Skip to main content
ARS Home » Southeast Area » Raleigh, North Carolina » Market Quality and Handling Research » Research » Publications at this Location » Publication #163183


item Sanders, Timothy
item Hendrix, Keith

Submitted to: American Peanut Research and Education Society Proceedings
Publication Type: Proceedings
Publication Acceptance Date: 5/20/2004
Publication Date: 7/13/2004
Citation: Mehrotra, M., Sanders, T.H., Hendrix, K. 2004. Color sorting to remove fruity fermented off-flavor in roasted peanuts. American Peanut Research and Education Society Proceedings. Vol. 36, p. 41.

Interpretive Summary:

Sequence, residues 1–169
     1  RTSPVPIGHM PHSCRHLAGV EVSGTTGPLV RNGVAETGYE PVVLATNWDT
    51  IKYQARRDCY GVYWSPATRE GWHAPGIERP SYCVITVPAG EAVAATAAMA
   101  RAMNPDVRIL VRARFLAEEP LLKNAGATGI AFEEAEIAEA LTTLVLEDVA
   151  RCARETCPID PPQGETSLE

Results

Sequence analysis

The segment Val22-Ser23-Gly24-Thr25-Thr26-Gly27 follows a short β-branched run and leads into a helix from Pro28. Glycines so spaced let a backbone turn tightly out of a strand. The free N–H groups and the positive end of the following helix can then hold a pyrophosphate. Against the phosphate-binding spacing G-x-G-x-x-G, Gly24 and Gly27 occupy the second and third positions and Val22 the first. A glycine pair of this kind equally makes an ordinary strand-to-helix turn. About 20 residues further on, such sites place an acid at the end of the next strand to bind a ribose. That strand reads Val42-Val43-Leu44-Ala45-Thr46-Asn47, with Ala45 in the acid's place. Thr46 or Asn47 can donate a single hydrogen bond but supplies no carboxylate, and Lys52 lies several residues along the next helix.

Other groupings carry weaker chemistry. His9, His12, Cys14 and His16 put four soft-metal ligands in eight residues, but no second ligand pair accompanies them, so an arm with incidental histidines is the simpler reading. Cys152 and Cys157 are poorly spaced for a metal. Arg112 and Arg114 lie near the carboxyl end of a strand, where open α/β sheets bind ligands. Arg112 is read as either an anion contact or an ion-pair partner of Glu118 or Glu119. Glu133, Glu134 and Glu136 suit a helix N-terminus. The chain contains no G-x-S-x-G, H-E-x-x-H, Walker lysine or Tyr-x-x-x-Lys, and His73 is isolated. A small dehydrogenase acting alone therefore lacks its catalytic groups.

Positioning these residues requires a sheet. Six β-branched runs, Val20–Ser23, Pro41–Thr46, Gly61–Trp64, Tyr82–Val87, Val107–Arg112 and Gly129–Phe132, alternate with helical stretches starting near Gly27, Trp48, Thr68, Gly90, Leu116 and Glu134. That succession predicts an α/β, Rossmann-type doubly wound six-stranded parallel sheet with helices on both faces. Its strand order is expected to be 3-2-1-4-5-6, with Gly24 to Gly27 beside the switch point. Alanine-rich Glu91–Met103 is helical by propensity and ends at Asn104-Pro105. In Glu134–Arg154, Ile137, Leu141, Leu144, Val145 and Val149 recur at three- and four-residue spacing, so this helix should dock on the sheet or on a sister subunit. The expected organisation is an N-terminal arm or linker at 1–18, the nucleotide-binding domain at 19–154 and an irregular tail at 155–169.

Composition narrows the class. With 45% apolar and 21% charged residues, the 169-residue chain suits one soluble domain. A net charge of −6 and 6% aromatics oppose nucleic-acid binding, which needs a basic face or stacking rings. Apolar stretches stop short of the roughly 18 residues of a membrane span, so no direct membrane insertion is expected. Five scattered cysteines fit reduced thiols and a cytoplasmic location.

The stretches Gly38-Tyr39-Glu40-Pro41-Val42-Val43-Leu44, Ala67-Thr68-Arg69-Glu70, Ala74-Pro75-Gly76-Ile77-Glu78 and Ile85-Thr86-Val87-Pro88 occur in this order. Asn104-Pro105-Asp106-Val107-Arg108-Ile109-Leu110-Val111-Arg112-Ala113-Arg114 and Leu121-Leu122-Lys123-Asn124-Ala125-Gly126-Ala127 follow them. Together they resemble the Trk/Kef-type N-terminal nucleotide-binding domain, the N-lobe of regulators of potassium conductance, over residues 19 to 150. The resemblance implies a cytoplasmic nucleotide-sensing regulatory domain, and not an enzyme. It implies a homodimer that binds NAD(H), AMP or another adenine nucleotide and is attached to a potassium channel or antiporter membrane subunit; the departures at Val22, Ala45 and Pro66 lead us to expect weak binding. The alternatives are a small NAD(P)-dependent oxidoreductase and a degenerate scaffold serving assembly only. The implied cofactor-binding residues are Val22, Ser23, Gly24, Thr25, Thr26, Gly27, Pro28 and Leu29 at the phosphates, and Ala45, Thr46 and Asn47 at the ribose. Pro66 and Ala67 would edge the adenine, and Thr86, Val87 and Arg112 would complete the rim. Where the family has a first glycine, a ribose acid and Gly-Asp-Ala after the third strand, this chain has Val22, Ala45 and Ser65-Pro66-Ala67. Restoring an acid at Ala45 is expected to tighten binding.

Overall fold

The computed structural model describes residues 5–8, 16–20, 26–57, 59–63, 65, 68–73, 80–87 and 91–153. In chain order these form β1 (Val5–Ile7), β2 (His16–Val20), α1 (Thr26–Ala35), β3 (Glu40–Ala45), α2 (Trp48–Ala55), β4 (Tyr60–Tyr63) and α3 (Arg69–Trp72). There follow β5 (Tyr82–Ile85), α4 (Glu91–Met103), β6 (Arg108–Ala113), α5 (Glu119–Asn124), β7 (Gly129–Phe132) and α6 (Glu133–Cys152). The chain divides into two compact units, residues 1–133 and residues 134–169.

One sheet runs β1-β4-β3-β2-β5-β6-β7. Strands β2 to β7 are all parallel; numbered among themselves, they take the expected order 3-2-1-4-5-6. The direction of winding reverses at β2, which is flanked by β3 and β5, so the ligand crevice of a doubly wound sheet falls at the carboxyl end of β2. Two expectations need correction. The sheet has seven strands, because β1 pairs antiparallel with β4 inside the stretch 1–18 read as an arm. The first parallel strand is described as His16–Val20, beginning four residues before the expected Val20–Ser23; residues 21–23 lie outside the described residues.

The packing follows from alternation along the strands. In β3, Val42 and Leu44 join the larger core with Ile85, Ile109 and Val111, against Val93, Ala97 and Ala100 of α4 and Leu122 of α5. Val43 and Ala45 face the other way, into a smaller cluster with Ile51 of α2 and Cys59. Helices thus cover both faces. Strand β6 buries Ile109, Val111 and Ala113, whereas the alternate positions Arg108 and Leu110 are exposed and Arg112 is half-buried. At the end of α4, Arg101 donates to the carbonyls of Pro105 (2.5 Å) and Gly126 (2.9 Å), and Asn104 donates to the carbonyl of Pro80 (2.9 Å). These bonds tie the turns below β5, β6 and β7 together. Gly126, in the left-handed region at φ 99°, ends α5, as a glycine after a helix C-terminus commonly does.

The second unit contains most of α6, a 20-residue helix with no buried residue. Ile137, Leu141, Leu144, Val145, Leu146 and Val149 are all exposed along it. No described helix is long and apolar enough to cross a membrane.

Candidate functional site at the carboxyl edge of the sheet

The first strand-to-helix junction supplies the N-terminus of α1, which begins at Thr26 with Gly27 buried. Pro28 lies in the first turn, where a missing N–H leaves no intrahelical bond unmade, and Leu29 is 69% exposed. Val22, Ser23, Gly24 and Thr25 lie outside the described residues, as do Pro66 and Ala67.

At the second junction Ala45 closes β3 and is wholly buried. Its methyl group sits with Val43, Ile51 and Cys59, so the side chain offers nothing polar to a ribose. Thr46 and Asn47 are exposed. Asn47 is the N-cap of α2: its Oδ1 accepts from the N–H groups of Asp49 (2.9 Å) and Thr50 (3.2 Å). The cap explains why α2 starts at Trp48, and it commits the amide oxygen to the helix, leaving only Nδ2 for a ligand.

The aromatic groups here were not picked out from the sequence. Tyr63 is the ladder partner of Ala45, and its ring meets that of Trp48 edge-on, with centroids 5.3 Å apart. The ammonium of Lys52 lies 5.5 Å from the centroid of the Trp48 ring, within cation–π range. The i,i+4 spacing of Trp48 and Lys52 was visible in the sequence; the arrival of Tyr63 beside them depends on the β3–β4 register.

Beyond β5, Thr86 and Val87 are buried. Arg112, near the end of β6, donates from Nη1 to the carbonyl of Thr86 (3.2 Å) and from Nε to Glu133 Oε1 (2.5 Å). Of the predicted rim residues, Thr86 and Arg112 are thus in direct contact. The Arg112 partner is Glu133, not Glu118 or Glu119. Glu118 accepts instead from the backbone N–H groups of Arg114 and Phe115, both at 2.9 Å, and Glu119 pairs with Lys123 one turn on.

Technical Abstract: Fruity fermented off-flavor results from high temperature exposure during curing of peanuts. Immature peanuts are associated with increased fruity fermented off-flavor and upon roasting, in any grade size, acquire a darker color and have lower flavor potential. This work was conducted to determine the effectiveness of a novel application of machine color sorting to remove fruity fermented off-flavor by removal of darker (immature) roasted peanuts. Fruity fermented and non-fruity fermented runner-type peanut lots (65 kg each) were roasted at 174 ± 2 C, blanched, and subdivided into 3 lots. Each sub-lot was color sorted using a Sortex color sorter (model #3201). The color sorter was adjusted to remove ca. 5, 12 and 20% of the darkest peanuts, which had resultant Hunter L colors of ca. 40, 42 and 44. The lighter color-sorted peanuts (mature) were stored at 30 C and samples were evaluated at 0, 1, 2, 4, 8, and 12 wk. Peroxide value (PV), oxidative stability index (OSI), descriptive sensory analysis, and single-seed roast color were determined for all samples. The darker (immature) peanuts had higher concentrations of unsaturated fatty acids, FFA and carbohydrates. Descriptive sensory analysis showed that fruity fermented off-flavor decreased with successively higher percentage removal of darker-roasted, immature peanuts. The reduction of fruity fermented off-flavor in roasted peanuts by machine color sorting may be of significant economic value to the peanut industry.